Published March 20, 2019
A proposal by professor Jin Young Song that envisions a more efficient assembly system for steel construction has been announced as a 2019 Forge Prize Phase 1 Winner.
The two-stage competition is organized by the Association of Collegiate Schools of Architecture (ACSA) to engage designers in design innovation for steel as a 21st century building material. The prize was established by the American Institute of Steel Construction.
Song, an assistant professor of architecture at UB, proposes Snap-Interlock Module System (SIMS), a structural module with a unique interlocked configuration that is easily assembled by a single worker.
The prototype is based on the elastic instability of steel, or the buckling of the material when subjected to large compressive loads. Song's proposal distributes forces through stacked modules. Each module has four hooked legs on the top and bottom and snaps into four legs from four adjacent modules. The five modules are interlocked as one unit, where individual steel modules brace each other. The central unit of the module can be modified to create specific angles and generate a curved geometry.
SIMS is one of three Phase 1 Winners alongside proposals by Jingyu Lee of Magnusson Klemencic Associates and Valeria Rybyakova from Perkins Eastman.
The winning concepts were selected by a jury of luminaries: Joseph G. Burns, Managing Principal at Thornton Tomasetti in Chicago; Eui-Sung Yi, Design Principal at Morphosis Architects; and Terri Meyer Boake, a professor at the School of Architecture at the University of Waterloo.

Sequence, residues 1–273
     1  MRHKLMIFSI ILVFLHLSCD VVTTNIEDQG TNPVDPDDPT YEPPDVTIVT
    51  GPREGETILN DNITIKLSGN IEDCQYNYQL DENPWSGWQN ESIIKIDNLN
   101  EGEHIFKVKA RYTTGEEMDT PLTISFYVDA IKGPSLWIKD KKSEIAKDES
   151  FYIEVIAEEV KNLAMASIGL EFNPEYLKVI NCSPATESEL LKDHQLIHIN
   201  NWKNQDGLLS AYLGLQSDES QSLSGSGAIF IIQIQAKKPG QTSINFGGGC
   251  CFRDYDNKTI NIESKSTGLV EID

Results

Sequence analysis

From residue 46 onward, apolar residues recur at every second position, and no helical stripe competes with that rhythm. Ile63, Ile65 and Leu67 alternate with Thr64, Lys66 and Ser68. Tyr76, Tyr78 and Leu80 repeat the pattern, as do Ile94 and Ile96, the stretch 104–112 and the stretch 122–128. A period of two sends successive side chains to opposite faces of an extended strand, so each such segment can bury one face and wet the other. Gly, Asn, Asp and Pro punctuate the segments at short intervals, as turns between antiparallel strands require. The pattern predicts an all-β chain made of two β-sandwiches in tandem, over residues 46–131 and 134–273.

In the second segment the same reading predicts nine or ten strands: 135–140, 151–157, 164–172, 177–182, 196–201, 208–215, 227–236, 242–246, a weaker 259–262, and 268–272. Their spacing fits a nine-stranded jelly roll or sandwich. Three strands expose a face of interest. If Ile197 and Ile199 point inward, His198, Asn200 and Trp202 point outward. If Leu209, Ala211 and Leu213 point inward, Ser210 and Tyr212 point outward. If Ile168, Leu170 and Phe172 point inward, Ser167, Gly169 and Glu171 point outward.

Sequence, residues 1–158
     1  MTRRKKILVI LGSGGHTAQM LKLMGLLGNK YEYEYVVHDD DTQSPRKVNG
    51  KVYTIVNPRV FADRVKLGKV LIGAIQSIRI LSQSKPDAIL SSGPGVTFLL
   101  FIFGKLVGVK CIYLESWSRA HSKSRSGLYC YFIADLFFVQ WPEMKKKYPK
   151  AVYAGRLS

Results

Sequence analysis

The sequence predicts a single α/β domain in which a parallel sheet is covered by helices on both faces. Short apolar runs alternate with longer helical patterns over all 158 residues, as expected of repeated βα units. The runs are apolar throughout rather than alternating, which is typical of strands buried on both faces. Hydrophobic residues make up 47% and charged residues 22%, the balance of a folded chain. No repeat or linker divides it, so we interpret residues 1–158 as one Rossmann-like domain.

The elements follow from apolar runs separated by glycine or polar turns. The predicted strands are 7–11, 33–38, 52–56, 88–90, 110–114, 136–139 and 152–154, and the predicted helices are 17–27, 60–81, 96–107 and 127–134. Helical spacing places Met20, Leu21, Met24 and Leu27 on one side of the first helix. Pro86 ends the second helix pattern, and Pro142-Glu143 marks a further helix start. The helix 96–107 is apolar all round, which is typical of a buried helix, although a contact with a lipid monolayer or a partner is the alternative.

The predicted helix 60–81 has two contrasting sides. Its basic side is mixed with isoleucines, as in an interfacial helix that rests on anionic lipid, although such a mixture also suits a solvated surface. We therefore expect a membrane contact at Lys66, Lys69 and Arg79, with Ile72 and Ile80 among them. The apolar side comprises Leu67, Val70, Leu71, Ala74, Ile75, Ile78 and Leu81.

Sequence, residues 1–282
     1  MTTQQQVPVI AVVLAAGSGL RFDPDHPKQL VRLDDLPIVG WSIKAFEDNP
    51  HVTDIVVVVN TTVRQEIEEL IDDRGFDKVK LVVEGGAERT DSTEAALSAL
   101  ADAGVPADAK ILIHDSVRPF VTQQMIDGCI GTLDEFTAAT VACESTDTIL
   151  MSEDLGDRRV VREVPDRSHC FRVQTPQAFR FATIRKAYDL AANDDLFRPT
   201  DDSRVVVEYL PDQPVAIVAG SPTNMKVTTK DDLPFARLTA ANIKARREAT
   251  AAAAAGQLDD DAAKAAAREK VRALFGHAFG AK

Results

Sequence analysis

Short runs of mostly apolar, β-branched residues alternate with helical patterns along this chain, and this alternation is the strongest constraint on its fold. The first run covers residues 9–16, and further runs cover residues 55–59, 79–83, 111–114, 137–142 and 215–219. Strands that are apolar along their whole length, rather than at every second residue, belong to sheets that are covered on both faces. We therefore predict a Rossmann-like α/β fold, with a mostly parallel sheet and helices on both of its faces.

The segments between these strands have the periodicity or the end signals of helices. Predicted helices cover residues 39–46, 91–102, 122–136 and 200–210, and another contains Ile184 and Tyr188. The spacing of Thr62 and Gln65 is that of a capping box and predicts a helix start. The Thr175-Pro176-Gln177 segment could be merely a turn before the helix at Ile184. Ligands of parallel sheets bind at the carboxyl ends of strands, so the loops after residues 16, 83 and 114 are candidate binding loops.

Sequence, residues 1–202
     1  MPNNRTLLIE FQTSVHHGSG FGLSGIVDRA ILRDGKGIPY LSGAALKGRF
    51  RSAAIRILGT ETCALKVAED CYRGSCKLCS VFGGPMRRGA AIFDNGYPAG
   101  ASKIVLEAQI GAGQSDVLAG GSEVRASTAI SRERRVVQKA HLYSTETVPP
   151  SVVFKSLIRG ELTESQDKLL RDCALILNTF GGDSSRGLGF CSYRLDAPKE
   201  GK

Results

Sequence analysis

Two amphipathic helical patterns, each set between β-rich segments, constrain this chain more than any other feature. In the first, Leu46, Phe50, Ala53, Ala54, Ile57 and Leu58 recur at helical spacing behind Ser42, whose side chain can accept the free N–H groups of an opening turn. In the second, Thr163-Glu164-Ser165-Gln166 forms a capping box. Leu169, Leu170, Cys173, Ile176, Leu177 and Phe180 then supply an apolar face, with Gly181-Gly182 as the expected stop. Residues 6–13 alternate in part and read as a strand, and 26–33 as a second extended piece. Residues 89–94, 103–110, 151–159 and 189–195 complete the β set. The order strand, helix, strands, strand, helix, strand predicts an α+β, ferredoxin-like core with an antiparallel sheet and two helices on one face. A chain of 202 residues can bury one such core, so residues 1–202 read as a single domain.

More than 60 years after Konrad Wachsmann imagined a modular construction system, building structures are still based on the steel post and beam system with conventional bolt/weld connections. Even after significant development in digital and manufacturing technologies, most advancements in the construction industry simply add new subcomponents to this primary building system. However, new smart fabrication techniques and advanced digital design tools allow Song and his team to revisit Wachsmann’s holistic approach for a unit-based ‘part-to-whole’ system.
Song developed two arch shaped prototypes using 3d printed modules that exhibit the system's geometric flexibility. Further structural analysis and new interpretation will be necessary to demonstrate how this ‘part to whole’ system can be applied to the building structure, facade, substructure, architectural partition walls, and more. Collaborators in the work are UB's Sustainable Manufacturing and Advanced Robotic Technologies research group, UB associate professor of structural engineering Jongmin Shim and Xiandong He, a doctoral student in engineering at UB.
Phase 1 of the 2019 Forge Prize selects three designs that receive a stipend, and are paired with a steel fabricator to further refine the structural aspects of the concept, and improve viability in a real-world application. In Phase 2, contestants will prepare a final submission and present to the jury in May 2019.
The three finalists will present their designs, and the jury will announce the winner at the AIA Conference on Architecture, June 6-8, 2019, in Las Vegas.